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Democratic transition in African politics: the case Of Kenya

Ahluwalia, Pal (1993) Democratic transition in African politics: the case Of Kenya. Australian Journal of Political Science, 28 (3). pp. 499-514. ISSN 1036-1146

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The splintered, struggling Africa of today cannot afford the luxury of multiple parties, independent presses and honest debate. In countries where national goals are not clearly defined, such freedoms enable the various factions to fight for self‐interest at the expense of majority concerns. National institutions are not strong enough to withstand these pressures, and governments are not cohesive enough to endure forces motivated by anything less than nationalistic concerns. At this stage most African countries are best served by benign dictators. Democracy can come later, if it is to come at all. But for now democracy is no more a panacea for African ills than is communism. What Africa needs to develop is an African political system, imported from neither East nor West, that combines elements of capitalism and socialism, both of which are inherent in the African character. It should include two concepts that Africans today mistakenly view as contradictory—economic incentive and social justice (Lamb 1987, 57–8).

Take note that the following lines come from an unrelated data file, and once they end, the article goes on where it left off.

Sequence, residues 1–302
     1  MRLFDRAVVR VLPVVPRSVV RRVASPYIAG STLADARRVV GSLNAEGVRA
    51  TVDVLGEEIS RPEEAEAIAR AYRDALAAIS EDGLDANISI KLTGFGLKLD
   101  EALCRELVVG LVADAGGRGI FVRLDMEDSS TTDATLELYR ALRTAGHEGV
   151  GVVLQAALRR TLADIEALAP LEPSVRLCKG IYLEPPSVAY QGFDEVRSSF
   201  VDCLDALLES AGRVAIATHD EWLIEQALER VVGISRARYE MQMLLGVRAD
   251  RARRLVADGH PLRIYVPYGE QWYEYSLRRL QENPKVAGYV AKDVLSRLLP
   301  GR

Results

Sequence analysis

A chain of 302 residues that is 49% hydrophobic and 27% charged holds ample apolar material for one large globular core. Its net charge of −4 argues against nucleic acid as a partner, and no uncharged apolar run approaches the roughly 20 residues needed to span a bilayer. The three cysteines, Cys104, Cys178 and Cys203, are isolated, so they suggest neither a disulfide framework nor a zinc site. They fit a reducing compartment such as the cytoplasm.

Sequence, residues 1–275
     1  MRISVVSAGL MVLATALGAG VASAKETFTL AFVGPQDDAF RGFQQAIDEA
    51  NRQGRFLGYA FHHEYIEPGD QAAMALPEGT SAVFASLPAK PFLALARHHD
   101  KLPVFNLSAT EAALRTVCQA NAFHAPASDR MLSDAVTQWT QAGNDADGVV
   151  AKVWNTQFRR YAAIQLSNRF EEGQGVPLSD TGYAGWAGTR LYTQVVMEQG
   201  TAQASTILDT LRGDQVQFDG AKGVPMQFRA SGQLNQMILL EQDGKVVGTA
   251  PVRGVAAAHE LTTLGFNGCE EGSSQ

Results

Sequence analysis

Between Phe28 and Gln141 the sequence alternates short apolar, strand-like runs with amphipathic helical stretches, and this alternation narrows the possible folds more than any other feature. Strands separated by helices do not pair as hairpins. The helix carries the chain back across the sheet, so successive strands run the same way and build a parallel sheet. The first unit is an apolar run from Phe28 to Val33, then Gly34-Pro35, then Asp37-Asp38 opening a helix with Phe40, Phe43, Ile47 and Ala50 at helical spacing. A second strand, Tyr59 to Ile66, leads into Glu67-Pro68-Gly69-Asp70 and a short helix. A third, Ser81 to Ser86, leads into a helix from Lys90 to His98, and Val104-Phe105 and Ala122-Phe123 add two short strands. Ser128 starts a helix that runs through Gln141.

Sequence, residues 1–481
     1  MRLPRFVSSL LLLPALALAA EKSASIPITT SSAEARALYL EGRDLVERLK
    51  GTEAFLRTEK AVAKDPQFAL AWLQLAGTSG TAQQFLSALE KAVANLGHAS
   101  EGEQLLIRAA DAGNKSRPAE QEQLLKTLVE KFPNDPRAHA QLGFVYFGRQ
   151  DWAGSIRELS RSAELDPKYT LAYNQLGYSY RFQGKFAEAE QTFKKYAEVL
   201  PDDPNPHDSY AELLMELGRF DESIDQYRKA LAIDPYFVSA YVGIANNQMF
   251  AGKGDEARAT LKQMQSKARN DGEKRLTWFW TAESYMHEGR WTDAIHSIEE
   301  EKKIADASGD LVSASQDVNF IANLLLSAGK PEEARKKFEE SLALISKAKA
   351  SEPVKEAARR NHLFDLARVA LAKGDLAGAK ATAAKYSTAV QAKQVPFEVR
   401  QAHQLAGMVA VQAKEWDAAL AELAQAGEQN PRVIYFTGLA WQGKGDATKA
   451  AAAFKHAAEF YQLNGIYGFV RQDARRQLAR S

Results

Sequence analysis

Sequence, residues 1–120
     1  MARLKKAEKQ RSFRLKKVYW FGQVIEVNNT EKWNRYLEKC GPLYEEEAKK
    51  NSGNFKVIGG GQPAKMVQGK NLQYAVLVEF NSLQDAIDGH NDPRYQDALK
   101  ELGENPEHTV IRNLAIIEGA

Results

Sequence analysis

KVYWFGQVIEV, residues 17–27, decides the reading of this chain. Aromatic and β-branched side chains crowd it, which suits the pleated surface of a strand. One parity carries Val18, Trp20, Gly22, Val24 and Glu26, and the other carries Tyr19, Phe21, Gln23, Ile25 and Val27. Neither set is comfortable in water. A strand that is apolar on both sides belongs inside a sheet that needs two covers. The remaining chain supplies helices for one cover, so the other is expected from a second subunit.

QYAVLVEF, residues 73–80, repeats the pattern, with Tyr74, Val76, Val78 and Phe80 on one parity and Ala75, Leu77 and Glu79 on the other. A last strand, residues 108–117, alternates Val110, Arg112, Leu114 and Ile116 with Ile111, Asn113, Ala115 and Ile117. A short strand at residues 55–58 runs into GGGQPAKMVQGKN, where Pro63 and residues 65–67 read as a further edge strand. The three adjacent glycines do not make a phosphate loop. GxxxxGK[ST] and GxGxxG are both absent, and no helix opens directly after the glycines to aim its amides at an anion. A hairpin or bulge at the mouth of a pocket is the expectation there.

Item Type: Journal Article
Subjects: J Political Science > JA Political science (General)
Divisions: Office of the VC
Depositing User: Ms Shalni Sanjana
Date Deposited: 22 Aug 2022 03:41
Last Modified: 22 Aug 2022 03:41

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